Great Canadian Parks / Québec

Page 1 2 3 4 5 Quiz

The Parks / Québec / Saguenay-St. Lawrence National Park



 


 

In the last two million years, the St.Lawrence and Saguenay rivers have undergone four glacial stages, which carved out valleys along both rivers. The 100 kilometre long fjord formed along the Saguenay River when weaknesses in the earthÆs crust allowed a deep rift or fault in the underlying crystalline rock of the Canadian Shield. One of the southernmost fjords in the world, it is also of interest to find a fjord emptying into a river estuary instead of the sea. The Marine Park takes in the north shores of the St. Lawrence for 90 kilometres northeast and southwest of the mouth of the Saguenay River where the riverbed plunges as deep as 275 metres, and the steep slopes and cliffs rise as high as 450 metres. From the mouth of the Saguenay eastward, rocky cliffs plunging as far as 100 metres underwater mark the north shore of the St. Lawrence. The coastal shelf widens at the mouth of the Saguenay to form tide flats, then gradually narrows where the Laurentian Channel deepens downstream to as much as 300 metres. Water in the Marine Park is subject to two daily tide cycles which introduce wide fluctuations “ as the St. Lawrence narrows and its bottom rises, the average tidal range increases to as much as 5 metres. Tides bring the cold salty waters of the Gulf into the Saguenay where they mix with fresh water at the confluence of the two rivers. This layering and mixing interaction of the warmer fresh water and the slower-moving icy layer beneath makes for an enriched, renewed and oxygenated plant and animal environment in the basins of the fjord.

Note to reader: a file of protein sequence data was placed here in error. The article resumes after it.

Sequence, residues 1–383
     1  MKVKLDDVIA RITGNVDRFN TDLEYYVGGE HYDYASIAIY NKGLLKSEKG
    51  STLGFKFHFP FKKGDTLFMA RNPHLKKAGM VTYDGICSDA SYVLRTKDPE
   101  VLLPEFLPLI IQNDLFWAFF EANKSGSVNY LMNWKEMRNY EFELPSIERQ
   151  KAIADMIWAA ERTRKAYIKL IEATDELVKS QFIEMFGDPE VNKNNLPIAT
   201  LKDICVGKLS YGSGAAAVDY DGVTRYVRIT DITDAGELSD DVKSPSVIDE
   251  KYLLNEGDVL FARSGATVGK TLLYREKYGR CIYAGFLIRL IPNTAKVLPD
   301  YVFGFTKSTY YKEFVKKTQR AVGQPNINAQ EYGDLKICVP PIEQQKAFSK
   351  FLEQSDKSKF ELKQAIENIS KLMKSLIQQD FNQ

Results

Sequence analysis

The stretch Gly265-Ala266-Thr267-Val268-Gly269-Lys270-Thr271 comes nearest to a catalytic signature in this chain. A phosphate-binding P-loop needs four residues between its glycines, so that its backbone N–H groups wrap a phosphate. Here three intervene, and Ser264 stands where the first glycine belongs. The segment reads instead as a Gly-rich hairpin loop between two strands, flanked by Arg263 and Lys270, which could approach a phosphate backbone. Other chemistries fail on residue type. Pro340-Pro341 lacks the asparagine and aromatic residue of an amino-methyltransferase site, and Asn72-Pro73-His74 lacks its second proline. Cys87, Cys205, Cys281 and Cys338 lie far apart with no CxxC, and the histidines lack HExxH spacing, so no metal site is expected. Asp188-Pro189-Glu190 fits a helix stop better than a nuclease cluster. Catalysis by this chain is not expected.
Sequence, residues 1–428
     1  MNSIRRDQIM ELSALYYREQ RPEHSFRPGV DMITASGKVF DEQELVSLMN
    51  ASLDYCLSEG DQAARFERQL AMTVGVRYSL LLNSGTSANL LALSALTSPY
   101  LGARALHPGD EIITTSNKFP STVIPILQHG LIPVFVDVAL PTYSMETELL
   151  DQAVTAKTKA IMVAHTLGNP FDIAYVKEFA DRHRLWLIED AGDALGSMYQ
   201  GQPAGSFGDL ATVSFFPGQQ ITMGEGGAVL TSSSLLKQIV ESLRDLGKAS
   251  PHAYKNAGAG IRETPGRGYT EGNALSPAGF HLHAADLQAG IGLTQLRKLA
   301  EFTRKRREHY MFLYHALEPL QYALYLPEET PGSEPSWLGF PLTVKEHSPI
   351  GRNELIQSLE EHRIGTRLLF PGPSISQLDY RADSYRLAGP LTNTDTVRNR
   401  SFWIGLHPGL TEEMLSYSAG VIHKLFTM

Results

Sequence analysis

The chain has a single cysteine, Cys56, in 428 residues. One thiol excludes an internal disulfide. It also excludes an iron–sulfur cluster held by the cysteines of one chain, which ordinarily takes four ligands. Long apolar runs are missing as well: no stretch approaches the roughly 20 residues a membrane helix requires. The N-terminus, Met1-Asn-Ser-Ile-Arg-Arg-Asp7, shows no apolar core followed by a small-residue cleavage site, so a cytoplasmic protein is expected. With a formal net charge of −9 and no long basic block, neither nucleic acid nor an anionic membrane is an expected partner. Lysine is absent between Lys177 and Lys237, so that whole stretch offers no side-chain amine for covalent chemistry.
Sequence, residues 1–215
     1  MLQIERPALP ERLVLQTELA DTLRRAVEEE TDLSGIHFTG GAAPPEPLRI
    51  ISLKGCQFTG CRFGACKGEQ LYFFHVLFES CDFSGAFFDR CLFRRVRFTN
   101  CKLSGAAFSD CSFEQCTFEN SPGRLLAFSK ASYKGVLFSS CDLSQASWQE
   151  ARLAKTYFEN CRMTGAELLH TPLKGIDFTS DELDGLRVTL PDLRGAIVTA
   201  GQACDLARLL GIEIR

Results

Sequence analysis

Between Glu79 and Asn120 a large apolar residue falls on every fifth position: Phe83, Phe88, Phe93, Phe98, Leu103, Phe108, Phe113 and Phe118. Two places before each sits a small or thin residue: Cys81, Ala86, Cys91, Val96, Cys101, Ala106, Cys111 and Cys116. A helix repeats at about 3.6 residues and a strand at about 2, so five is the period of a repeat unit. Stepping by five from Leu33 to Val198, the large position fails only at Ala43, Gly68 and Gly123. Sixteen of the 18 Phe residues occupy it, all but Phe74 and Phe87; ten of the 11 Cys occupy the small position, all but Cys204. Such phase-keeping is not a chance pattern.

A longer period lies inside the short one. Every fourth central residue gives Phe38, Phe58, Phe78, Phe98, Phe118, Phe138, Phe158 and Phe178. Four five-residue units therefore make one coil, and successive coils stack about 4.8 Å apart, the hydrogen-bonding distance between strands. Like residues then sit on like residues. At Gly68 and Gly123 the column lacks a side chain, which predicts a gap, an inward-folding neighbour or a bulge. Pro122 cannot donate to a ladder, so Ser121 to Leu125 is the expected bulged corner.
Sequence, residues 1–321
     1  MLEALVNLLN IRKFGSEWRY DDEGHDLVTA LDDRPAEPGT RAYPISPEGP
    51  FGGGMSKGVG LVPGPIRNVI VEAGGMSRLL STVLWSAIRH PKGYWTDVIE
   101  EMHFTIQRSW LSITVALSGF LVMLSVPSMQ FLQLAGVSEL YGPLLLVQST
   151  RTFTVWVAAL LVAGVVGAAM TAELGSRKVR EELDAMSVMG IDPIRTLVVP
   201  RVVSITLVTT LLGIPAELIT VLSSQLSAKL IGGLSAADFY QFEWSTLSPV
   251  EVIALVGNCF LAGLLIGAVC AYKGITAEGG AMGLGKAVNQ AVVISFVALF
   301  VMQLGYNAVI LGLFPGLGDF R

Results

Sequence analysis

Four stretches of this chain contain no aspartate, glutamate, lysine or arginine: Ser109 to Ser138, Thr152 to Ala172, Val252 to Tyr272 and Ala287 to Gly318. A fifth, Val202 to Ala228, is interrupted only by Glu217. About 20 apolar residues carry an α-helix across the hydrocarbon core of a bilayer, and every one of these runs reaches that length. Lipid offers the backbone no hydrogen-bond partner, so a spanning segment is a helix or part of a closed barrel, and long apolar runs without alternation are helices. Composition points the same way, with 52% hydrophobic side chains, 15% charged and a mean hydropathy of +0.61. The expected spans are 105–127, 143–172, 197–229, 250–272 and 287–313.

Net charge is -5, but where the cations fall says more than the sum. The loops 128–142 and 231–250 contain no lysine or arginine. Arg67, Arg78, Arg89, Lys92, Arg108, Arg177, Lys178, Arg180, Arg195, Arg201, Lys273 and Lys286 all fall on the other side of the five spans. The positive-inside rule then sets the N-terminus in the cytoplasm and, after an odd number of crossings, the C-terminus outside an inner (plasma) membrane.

Page 1 2 3 4 5 Quiz